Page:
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I just finished William Lubbeck's At Leningrad's Gates. It was fantastic. I have read several good memoirs of the Russian Front, but Lubbeck's stands out as truly remarkable. His account of his experiences was refreshingly candid and provided great insight into the horrors suffered on both sides of the line. I highly recommend this book.
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7 of 7 people found the following review helpful
3.0 out of 5 stars Interesting, 13 Jun 2009
By 
vangoyen (United Kingdom) - See all my reviews
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I got this after reading The Forgotten Soldier and Blood Red Snow, both brilliant books which I couldn't put down capturing the horrors of the actual fighting. It is a good book in its own right and the author is obviously a decent man. However, it is a long way away from those other books in terms of capturing the stark reality of the combat situation. If like me you've read those other books and are looking for more of the same then I don't think you'll find it in this book.
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1 of 1 people found the following review helpful
3.0 out of 5 stars Rather bland given the epic titile, 11 Feb 2013
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Although rather a sanitised version I always got the feeling this could have been written so much better especially as he spent so much time at the front.

The information of his family life as a child goes into minute detail at tmes,
and his epiloge to, is very cogent why not the bit in between?

I bought the book to read about his life at the Gates at of lenningrad
But lots of it was glossed over in phrases such as "after two weeks hard fighting we moved back"

I think his ghost writer could have got so much more
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1 of 1 people found the following review helpful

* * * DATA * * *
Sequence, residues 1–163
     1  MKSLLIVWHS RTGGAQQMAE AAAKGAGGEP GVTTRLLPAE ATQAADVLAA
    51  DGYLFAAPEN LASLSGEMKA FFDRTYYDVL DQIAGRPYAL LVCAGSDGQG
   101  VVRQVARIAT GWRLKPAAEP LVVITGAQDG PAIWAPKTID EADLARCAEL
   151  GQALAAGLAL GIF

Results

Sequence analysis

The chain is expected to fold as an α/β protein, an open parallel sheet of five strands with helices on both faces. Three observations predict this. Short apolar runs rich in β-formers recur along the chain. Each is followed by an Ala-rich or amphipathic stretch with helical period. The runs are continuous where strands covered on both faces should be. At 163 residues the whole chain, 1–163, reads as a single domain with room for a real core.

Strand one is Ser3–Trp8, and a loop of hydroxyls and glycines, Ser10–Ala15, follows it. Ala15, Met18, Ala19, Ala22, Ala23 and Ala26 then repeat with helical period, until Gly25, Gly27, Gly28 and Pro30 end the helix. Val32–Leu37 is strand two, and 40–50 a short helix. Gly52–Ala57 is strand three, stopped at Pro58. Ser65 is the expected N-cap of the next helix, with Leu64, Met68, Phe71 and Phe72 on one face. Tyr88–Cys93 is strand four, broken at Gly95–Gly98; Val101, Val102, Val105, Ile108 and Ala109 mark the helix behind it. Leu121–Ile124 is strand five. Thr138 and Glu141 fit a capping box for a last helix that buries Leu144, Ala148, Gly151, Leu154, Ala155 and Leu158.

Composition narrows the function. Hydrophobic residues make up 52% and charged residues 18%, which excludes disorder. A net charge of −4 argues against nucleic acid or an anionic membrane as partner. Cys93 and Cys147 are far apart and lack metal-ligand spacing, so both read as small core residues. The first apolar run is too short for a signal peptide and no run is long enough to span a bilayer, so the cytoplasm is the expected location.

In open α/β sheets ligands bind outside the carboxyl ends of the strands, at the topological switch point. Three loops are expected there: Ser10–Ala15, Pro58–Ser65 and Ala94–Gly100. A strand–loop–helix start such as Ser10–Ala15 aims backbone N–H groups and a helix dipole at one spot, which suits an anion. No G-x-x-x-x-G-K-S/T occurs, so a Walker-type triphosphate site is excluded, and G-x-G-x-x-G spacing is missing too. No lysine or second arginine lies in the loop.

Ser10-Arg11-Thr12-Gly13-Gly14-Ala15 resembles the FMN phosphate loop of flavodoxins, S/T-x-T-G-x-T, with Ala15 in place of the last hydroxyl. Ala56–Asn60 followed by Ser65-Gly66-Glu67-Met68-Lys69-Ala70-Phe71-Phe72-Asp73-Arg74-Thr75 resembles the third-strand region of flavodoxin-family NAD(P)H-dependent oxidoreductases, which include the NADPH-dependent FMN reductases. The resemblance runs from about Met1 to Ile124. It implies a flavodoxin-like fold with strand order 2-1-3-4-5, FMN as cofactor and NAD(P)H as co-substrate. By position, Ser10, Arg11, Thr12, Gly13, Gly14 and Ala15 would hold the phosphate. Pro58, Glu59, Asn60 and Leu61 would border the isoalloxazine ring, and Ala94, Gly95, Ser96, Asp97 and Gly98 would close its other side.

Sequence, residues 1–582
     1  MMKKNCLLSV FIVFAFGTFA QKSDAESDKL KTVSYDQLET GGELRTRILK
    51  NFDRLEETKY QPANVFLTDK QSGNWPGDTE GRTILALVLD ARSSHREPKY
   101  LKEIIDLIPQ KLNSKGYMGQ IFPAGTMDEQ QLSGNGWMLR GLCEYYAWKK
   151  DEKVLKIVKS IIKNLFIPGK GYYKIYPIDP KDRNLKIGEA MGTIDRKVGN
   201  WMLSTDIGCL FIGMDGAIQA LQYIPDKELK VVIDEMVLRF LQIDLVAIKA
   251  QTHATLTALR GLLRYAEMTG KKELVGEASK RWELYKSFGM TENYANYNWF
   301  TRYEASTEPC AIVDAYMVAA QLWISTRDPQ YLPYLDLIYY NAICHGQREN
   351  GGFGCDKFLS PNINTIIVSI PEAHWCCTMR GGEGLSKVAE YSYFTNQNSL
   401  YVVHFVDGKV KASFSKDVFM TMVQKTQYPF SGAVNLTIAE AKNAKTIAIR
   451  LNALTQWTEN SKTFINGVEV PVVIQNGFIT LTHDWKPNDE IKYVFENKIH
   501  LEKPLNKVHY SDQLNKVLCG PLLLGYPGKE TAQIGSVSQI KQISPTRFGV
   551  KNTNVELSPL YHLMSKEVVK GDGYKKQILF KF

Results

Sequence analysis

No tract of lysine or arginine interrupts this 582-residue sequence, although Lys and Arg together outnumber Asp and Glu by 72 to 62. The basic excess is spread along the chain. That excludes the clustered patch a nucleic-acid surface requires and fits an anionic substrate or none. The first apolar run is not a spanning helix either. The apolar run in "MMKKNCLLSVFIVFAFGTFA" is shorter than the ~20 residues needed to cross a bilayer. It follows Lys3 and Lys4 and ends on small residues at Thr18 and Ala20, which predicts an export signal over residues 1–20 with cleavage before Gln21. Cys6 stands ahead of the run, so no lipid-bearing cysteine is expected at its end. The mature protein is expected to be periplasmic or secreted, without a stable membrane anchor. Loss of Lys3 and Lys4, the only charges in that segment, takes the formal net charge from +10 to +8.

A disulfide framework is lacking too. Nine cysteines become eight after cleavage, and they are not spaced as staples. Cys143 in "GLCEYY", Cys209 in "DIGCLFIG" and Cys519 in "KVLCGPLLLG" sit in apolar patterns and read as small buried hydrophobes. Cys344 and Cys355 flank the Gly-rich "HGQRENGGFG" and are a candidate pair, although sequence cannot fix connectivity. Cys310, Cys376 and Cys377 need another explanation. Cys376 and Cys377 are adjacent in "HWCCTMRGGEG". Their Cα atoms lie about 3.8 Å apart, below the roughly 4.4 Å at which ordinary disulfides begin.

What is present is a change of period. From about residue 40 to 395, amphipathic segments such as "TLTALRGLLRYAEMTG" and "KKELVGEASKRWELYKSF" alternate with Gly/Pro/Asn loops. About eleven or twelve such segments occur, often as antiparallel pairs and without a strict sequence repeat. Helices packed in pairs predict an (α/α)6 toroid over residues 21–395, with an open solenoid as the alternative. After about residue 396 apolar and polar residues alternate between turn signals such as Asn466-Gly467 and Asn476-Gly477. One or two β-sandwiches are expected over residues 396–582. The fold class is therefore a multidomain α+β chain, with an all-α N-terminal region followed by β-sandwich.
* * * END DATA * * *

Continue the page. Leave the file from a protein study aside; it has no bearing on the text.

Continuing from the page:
4.0 out of 5 stars A great ostfront memoir, 13 Sep 2009
By 
P. Younger "Bookhunter" (Newcastle. UK) - See all my reviews
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This is a well written memoir which is a page turner. The author gives a very frank and honest narrative of his experiences on the eastern front. I'd recommend this book to anyone interested in the area of operation during the Second World War.
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5.0 out of 5 stars Very good read, 15 July 2014
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I enjoyed reading book. Very well written and I recommend the book to anyone interested in east west conflict during 2 word war.
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2.0 out of 5 stars a PC apology, 19 Dec 2013
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Mr. Nj Mcallister (Surrey, Britain) - See all my reviews
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I cant recommend this and in fact deleted it from my Kindle after teh first thirty pages as it is too apologetic. Obviously written with his new home of America in mind
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5.0 out of 5 stars Enjoyable, 11 July 2013
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Mr. Jonathan Baker (Cumbria, UK) - See all my reviews
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Very interesting read. Pre and post war bits too. Details authors service in one of the best divisions in army group north.
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4.0 out of 5 stars Very Good read, 26 Jun 2013
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Slow to start, it is a humbling life story centered round the 2nd world war. He does not glorify war but merely mentions his activities and points of view. Clearly he was a brave intelligent man of honour and integrity which comes through in this book. I enjoyed this book and found it informative and interesting.
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At Leningradís Gates: The Story of a Soldier with Army Group North
At Leningradís Gates: The Story of a Soldier with Army Group North by William Lubbeck (Paperback - 31 July 2010)